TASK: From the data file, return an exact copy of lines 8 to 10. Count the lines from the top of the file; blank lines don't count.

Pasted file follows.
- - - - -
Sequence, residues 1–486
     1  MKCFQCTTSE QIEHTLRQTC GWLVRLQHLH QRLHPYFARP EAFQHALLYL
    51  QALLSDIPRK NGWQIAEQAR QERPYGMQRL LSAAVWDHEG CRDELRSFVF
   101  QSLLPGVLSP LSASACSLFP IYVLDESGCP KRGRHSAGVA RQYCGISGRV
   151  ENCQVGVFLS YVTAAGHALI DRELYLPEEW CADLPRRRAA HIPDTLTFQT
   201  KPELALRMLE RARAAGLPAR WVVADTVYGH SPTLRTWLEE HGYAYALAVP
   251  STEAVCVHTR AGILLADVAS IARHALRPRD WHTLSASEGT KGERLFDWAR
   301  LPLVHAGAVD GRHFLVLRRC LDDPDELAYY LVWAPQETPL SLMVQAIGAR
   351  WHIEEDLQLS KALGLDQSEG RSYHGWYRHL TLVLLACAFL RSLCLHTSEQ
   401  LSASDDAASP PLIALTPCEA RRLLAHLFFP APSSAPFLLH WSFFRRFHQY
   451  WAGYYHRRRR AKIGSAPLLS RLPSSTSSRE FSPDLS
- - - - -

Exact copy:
   301  LPLVHAGAVD GRHFLVLRRC LDDPDELAYY LVWAPQETPL SLMVQAIGAR
   351  WHIEEDLQLS KALGLDQSEG RSYHGWYRHL TLVLLACAFL RSLCLHTSEQ
   401  LSASDDAASP PLIALTPCEA RRLLAHLFFP APSSAPFLLH WSFFRRFHQY